Technology Is A Set Of Tools
For a number of years I have been involved with and advising various people and organizations in several countries in Africa and other parts of the world. The primary reason is because I was using Facebook and posting my writing and other items for a number of years. The technology allowed me to make connections that would have been virtually impossible without it, and, because of that, I have had some life-changing experiences. I am thankful for the technology, but the technology is not the objective. It is only a tool that enabled me to expand my reach.
A power drill is a tool that helps us directly by allowing us to insert a screw easier and faster, but indirectly by helping us to complete projects faster to make us more profitable, even if that profit is measured in time saved to spend with the kids. Email, electronic chats, video chats, and the multitude of other options help us to communicate much faster and make us more efficient. The list goes on and on. The tools do what we direct them to do. They overcome limitations on time, distance, and resources.
Even artificial intelligence is a tool that does what someone wants it to do. Such systems are simply computer algorithms, or sets of instructions, albeit extremely complex and sophisticated, combined with massive computing power, designed by people to do something. Some might be constructed to develop other systems or to learn how to do things better or more efficiently. Still, they are instructions that tell a computer what to do, even if the instructions tell the computer to change the instructions. Some of them analyze our buying choices from the past to make current recommendations, with the idea that we will buy something and improve sales. Others analyze market data for trends to help investors improve their record of gains over losses. In each case, they are tools to help the system owner to be more effective and, hopefully, profitable. They were developed and installed with a human purpose, whether that purpose is good or bad, wise or unwise, life-saving or life-taking.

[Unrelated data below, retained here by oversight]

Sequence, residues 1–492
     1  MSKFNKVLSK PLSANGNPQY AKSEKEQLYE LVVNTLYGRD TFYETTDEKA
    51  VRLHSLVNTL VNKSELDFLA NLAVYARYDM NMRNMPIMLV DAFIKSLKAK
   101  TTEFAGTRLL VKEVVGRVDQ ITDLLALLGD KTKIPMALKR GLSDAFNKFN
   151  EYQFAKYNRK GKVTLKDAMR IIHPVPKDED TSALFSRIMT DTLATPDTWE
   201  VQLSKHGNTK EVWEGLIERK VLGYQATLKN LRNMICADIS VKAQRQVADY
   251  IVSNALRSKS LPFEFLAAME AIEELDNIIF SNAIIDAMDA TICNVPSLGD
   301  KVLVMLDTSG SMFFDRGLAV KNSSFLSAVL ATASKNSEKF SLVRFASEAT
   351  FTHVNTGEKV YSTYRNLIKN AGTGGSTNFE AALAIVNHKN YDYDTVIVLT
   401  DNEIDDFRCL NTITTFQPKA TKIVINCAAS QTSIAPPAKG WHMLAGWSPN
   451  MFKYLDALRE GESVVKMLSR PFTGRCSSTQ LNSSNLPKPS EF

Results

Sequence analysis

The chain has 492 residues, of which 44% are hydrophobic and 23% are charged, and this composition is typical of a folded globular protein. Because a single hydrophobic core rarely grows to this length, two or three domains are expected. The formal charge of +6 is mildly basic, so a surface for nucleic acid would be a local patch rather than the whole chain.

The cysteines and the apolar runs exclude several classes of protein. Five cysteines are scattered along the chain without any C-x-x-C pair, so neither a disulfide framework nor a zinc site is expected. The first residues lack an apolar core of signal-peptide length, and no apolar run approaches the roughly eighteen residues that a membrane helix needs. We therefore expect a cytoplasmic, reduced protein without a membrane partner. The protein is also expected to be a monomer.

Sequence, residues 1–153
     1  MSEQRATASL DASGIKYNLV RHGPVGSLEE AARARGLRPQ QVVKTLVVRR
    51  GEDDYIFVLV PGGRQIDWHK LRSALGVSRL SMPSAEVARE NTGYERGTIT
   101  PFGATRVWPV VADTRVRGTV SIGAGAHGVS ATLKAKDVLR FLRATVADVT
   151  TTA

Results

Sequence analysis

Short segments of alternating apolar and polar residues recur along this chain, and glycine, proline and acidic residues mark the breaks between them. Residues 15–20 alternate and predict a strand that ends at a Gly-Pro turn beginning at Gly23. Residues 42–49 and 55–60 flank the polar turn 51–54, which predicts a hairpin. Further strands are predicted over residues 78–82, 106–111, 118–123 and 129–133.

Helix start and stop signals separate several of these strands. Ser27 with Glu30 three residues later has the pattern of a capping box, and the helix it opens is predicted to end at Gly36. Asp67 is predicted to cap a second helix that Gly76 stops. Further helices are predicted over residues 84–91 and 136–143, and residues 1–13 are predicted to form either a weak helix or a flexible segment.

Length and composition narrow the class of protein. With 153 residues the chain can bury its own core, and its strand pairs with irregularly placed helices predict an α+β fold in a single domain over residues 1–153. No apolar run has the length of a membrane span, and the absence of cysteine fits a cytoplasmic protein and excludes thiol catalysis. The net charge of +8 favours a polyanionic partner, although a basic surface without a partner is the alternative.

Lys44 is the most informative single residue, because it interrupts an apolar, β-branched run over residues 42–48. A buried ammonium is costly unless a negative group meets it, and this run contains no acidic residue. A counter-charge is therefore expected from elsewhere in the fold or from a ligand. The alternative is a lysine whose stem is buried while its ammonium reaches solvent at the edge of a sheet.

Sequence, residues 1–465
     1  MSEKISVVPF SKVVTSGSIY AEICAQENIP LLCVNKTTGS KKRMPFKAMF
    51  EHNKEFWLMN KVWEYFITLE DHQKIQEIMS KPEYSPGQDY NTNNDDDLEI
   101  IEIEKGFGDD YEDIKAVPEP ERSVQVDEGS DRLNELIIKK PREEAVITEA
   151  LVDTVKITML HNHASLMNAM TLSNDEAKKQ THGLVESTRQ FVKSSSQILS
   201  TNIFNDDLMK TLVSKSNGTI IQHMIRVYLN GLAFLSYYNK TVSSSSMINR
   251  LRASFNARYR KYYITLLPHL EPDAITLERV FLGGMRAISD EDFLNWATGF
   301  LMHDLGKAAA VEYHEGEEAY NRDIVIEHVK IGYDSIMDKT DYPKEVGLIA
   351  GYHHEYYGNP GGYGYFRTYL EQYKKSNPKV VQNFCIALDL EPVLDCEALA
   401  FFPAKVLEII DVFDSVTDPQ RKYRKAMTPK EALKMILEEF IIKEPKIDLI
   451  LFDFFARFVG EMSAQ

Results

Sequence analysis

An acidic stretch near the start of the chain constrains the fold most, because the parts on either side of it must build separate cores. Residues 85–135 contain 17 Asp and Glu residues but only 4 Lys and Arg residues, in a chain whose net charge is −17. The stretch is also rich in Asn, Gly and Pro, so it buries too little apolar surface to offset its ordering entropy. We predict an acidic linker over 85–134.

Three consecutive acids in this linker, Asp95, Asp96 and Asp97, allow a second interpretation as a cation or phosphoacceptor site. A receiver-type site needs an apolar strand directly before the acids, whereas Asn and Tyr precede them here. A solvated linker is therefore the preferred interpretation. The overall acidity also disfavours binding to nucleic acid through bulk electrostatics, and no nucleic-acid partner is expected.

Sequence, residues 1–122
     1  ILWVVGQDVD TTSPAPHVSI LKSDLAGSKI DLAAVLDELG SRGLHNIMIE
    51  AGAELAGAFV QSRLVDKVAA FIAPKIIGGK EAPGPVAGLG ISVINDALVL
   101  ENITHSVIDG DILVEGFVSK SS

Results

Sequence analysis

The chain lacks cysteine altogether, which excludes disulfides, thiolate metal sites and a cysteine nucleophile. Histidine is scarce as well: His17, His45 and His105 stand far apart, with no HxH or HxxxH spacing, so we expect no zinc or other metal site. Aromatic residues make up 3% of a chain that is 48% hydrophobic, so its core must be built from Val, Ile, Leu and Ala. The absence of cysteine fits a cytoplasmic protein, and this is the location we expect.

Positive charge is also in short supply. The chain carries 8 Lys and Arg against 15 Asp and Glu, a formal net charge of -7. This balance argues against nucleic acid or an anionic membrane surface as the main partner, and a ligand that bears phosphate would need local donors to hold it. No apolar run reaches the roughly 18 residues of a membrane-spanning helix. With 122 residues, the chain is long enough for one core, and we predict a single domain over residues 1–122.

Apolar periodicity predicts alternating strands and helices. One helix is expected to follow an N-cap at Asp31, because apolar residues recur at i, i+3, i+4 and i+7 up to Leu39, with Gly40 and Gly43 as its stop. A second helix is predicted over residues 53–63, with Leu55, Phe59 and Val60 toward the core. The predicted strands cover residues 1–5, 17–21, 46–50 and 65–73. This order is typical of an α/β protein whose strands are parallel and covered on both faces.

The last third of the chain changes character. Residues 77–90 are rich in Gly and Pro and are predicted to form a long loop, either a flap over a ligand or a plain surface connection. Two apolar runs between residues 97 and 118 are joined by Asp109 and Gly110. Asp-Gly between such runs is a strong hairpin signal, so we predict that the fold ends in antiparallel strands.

The only value of technology is the extent to which it enables us to do something that we couldn’t do otherwise or to do what we want to faster, more efficiently or less expensively, now or in the future. Technology has no purpose without human purpose and has no reason for being without a benefit to humanity or human beings. Technology itself has no value outside of its use in getting intended results, and if unintended results arise, good or bad, they are failures of the system, even if they might provide input for further development and improvements.
The other side of technology is that there is a cost. That cost is not measured in just money, but in all of the resources consumed in development, in time and frustration when it doesn’t work right, and in time wasted using technology in a way that doesn’t help us accomplish what we need to accomplish. With every promising new technology, many, many hours are usually wasted trying to implement it. A steep learning curve devours time that is unproductive, with the hopes that the improved productivity will recoup the lost hours.
Moreover, there is the human element. Most of us have had the experience of spending hours on Facebook and, when we look back at it, we realize the tremendous waste, because it didn’t get us any benefit and maybe got in the way of something important. Technology for technology’s sake is a waste. Its value comes only from helping us to achieve our goals. As with any tool, used properly for a purpose, it can be of great value.
Dan McLaughlin is the author of “Compassion and Truth-Why Good Intentions Don’t Equal Good Results.” Follow him at daniel-mclaughlin.com